To make matters worse, the president who had worked so hard to hire me for the job didn't see the problem. He would come back from a sales call, tell the chief engineer and the design manager what he needed, and the next day it was done. (Of course, if they were overloaded, he could stay late that night and do it himself.) When I came back from a sales call and asked for similar things to be done, it was extra work they felt they shouldn't really have to do. If they were busy, it could take days (or weeks) for them to get to it. They begrudged the fact that I couldn't (or wouldn't) do it myself.
The quote issue distracted the president from the bigger picture and the larger results I was getting:
- Revenue had nearly doubled.
- Non-billable time spent on quotes had fallen to about 11% of revenue compared to over 20% of revenue before I joined.
- The size of the average project had doubled.
The Fall Guy
You can't blame the engineering departments for the way their job roles and performance expectations were set up. If anything was to blame, it was the disconnect between the ears of the company's president. What he wanted when he recruited me seemed inconsistent with what he wanted when the rubber met the road. He was a very bright fellow. He just didn't know how to look at his company (and his sales process) as a system in this way. He didn't see the alternatives a process approach would have provided. He got swept up in the emotion: I was the culprit, the cause of their problems, the wrong guy for the job.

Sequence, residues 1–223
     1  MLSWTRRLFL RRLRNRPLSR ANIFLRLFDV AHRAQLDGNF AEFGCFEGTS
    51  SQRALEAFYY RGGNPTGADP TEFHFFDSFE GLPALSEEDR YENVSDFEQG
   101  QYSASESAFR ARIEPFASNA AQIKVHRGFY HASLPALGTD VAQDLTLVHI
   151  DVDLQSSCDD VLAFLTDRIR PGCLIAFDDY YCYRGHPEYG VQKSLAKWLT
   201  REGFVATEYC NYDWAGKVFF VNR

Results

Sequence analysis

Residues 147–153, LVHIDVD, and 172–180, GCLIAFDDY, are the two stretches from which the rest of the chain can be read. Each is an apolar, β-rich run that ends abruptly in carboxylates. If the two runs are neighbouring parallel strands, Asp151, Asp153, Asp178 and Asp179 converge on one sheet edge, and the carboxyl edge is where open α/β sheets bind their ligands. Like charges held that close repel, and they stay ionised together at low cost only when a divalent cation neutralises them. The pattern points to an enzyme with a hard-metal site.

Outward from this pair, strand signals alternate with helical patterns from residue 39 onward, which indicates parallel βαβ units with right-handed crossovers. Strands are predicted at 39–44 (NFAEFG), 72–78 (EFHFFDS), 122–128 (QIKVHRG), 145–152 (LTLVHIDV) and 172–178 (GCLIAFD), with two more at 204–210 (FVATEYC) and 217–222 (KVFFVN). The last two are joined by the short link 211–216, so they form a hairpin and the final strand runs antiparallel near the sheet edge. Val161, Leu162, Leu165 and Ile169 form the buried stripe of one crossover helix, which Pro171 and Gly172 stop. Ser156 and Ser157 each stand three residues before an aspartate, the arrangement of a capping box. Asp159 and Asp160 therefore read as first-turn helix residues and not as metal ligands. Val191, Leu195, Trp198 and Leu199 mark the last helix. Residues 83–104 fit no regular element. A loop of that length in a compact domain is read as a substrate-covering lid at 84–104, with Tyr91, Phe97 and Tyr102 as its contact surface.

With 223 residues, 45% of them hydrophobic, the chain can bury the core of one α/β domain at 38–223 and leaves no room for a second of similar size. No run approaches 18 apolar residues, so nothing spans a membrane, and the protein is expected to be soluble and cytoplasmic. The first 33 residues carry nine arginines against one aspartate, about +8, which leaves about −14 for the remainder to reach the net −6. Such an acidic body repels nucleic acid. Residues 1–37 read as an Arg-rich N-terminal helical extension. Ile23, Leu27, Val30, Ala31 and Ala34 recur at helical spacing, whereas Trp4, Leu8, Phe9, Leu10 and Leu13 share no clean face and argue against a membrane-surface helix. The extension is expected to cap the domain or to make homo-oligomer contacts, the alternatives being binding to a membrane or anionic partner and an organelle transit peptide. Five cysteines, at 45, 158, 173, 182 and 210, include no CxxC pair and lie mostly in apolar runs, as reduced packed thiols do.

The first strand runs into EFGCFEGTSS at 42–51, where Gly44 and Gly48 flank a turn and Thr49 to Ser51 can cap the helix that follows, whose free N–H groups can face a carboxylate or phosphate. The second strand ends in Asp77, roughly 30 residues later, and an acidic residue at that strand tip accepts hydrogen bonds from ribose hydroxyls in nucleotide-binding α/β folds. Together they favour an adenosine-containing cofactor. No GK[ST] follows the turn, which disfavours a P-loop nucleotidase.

Now, those results could not have happened if they weren't good engineers to begin with; I didn't accomplish those things single-handedly. In fact, in the time I was there, I accomplished exactly what they had hired me to do.
But there I was looking for a new job.
Fast Forward: The Rest of the Story
Nine years later, long after I had left the company, the president called me in my office to ask a few questions about how I was doing. He apologized indirectly: "You were way ahead of us, Mike." That was good enough for me.
This kind of situation will probably have a familiar feel if you have been in a technical industry. Sometimes people think these are personnel issues: After all, it is difficult to find people with both technical and business/selling savvy.
My view is different. Solving the problem requires first that leaders of the company be explicit about what their prospects and customers need in their Customer's Journey, and second, that they be consistent in their strategy for delivering it.
That strategy, of course, is best expressed in process terms. Being the president of a company is no picnic. If you haven't been trained in how processes work in sales and marketing, it is pretty convenient and quick to find a "who." Yet, the result of getting the process wrong is thinking your problems are in your people rather than in the process.
If you've replaced a salesperson or VP more than a few times, it is a cinch that you've fallen into this trap. The salient feature of a good process is that average people, not super heroes, can succeed with it. The salient feature of a poor process is that the very best people with the best intentions probably won't.
Next week: I'll have more comments about the role of the chief executive in making sales processes successful.
Michael J. Webb
July 22, 2008